Boy meets boy. Boys become friends. Boys fall in love. A sweet and charming coming-of-age story that explores friendship, love, and coming out. This edition features beautiful two-color artwork.
"Absolutely delightful. Sweet, romantic, kind. Beautifully paced. I loved this book." -- Rainbow Rowell, author of Carry On
Shy and softhearted Charlie Spring sits next to rugby player Nick Nelson in class one morning. A warm and intimate friendship follows, and that soon develops into something more for Charlie, who doesn't think he has a chance.
But Nick is struggling with feelings of his own, and as the two grow closer and take on the ups and downs of high school, they come to understand the surprising and delightful ways in which love works.
"Introspective, honest, and hopeful, this is a realistic look at the impacts of mental illness that so many youth experience."
"This immersive portrayal of a sensitive teen learning to live with mental illness will earn nods of recognition from readers coping with anxiety or depression but will also resonate with young people facing any fear."
— School Library Journal
"Quietly arresting and ultimately empowering."
— Kirkus Reviews
"Critically normalizes self-care as its protagonist learns to become vulnerable and advocate for herself and her needs."
A collection of the second half of the mega-popular webcomic series of the same name, Check, Please!: Sticks and Scones is the last in Ngozi Ukazu's hilarious and stirring two-volume coming-of-age story about hockey, bros, and trying to find yourself during the best four years of your life.
Eric Bittle is heading into his junior year at Samwell University, and not only does he have new teammates—he has a brand new boyfriend! Bitty and Jack must navigate their new, secret, long-distance relationship, and decide how to reveal their relationship to friends and teammates. And on top of that, Bitty's time at Samwell is quickly coming to an end...It's two full hockey seasons packed with big wins and high stakes!
In his latest graphic novel, Dragon Hoops, New York Times bestselling author Gene Luen Yang turns the spotlight on his life, his family, and the high school where he teaches.
Gene understands stories—comic book stories, in particular. Big action. Bigger thrills. And the hero always wins.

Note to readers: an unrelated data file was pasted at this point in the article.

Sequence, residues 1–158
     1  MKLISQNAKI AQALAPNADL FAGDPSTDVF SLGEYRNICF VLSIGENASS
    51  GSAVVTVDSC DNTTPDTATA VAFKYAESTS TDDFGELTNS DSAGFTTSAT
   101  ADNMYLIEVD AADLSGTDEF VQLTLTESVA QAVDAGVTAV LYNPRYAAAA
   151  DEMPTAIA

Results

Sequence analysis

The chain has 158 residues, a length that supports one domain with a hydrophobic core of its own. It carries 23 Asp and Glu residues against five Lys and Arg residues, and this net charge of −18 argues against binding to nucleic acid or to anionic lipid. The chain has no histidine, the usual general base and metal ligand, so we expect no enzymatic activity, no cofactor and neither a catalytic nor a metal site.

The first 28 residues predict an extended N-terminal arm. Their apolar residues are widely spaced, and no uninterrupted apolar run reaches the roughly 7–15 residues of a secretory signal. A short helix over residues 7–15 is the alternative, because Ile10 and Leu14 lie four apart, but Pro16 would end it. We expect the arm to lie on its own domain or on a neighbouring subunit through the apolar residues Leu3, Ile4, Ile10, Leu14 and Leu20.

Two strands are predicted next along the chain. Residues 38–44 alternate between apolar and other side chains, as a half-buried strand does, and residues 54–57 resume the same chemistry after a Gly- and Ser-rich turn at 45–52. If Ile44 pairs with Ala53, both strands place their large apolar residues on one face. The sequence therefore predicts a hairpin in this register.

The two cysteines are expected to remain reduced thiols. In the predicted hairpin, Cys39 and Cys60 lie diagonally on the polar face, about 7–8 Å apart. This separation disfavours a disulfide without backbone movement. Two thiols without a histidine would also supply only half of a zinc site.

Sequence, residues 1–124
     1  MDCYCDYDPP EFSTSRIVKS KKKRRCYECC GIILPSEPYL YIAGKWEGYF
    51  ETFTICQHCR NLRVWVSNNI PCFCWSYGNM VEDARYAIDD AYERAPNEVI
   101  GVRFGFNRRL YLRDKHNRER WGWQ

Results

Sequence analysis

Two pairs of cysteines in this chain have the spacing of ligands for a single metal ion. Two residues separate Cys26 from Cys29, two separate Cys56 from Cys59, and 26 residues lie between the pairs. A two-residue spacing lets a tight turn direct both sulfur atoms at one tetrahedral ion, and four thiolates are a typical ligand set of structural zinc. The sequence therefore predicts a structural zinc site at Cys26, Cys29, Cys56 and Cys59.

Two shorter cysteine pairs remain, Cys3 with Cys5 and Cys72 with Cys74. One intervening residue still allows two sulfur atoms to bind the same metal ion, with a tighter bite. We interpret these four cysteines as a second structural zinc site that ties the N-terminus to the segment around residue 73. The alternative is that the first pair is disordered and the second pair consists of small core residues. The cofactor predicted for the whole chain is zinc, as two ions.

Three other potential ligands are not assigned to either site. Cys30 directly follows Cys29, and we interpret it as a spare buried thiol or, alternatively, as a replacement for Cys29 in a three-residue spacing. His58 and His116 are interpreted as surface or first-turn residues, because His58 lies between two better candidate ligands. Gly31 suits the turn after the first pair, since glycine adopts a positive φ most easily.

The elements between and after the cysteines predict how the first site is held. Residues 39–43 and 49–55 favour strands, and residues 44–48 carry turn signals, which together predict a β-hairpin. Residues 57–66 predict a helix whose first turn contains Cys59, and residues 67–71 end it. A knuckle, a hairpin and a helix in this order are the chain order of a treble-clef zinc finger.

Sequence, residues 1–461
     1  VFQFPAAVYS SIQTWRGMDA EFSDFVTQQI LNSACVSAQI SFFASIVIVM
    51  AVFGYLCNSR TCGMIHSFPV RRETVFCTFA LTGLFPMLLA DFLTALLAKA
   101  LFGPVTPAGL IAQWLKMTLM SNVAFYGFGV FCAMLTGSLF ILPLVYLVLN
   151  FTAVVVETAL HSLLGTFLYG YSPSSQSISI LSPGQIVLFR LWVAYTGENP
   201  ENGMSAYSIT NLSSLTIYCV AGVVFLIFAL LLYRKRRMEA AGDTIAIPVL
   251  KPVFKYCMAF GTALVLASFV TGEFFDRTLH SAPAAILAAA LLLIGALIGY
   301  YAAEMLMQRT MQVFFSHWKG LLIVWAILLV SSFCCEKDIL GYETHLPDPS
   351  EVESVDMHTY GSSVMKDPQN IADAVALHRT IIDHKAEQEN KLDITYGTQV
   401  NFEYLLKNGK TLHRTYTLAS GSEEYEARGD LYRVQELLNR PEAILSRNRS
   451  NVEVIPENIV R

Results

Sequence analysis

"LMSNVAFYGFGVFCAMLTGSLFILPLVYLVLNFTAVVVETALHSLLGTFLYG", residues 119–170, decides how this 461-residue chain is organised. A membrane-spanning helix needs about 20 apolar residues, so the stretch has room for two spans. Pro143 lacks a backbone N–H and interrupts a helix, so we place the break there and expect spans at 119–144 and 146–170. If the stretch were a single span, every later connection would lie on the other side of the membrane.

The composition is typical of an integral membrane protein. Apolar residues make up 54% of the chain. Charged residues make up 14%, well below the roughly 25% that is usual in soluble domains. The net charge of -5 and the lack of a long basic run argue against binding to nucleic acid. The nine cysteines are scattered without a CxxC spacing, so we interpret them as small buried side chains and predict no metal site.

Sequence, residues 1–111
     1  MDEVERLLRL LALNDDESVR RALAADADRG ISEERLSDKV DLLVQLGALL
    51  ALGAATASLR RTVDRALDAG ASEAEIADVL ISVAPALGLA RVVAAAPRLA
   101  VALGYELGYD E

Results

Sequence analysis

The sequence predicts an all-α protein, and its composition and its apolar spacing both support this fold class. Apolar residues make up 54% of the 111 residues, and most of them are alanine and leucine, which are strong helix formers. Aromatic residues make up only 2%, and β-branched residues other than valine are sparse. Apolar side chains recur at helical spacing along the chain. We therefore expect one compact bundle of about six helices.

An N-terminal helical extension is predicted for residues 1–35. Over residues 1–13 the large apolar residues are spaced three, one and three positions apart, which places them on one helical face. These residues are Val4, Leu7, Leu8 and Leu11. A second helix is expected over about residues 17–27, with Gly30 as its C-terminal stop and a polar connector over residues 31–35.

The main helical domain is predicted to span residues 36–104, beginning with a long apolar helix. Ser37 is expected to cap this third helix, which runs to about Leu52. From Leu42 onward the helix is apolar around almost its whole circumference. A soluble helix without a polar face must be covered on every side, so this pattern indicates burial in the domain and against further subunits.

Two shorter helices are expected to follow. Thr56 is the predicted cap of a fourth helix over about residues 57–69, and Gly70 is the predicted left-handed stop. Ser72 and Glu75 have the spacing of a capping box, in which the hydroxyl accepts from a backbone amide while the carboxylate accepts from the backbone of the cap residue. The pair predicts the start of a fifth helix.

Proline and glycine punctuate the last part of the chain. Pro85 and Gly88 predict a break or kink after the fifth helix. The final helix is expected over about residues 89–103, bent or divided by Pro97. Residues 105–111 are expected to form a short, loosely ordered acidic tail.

But Gene doesn’t get sports. As a kid, his friends called him “Stick” and every basketball game he played ended in pain. He lost interest in basketball long ago, but at the high school where he now teaches, it's all anyone can talk about. The men’s varsity team, the Dragons, is having a phenomenal season that’s been decades in the making. Each victory brings them closer to their ultimate goal: the California State Championships.
Once Gene gets to know these young all-stars, he realizes that their story is just as thrilling as anything he’s seen on a comic book page. He knows he has to follow this epic to its end. What he doesn’t know yet is that this season is not only going to change the Dragons’s lives, but his own life as well.
A tie-in with the Netflix series adaptation starring Sophia Lillis (It), from the director of The End of the F***ing World and production team behind Stranger Things.
Sydney seems like a normal, rudderless fifteen-year-old freshman. She hangs out underneath the bleachers, blasts music in her friend's car, and gets into arguments with her annoying little brother. But she also has a few secrets she’s only shared in her diary: how she's in love with her best friend, the bizarre death of her war veteran father, and excruciatingly painful telekinetic powers that keep popping up at the most inopportune times. Charles Forsman once again expertly channels teenage ethos in a style that evokes classic comics strips while telling a powerful story about the intense, and sometimes violent, tug of war between trauma and control. I Am Not Okay With This tackles familial strain, sexual confusion, and PTSD in Forsman's signature straight-faced-but-humorous style and firmly stakes his place among the world's best cartoonists.
A powerful and moving teen graphic novel memoir about immigration, belonging, and how arts can save a life—perfect for fans of American Born Chinese and Hey, Kiddo. This nonfiction graphic novel is an excellent choice for accelerated tween readers in grades 7 to 8, especially during homeschooling. It’s a fun way to keep your child entertained and engaged while not in the classroom.
For as long as she can remember, it’s been Robin and her mom against the world. Growing up as the only child of a single mother in Seoul, Korea, wasn’t always easy, but it has bonded them fiercely together.
So when a vacation to visit friends in Huntsville, Alabama, unexpectedly becomes a permanent relocation—following her mother’s announcement that she’s getting married—Robin is devastated.
Overnight, her life changes. She is dropped into a new school where she doesn’t understand the language and struggles to keep up. She is completely cut off from her friends in Seoul and has no access to her beloved comics. At home, she doesn’t fit in with her new stepfamily, and worst of all, she is furious with the one person she is closest to—her mother.
Then one day Robin’s mother enrolls her in a local comic drawing class, which opens the window to a future Robin could never have imagined.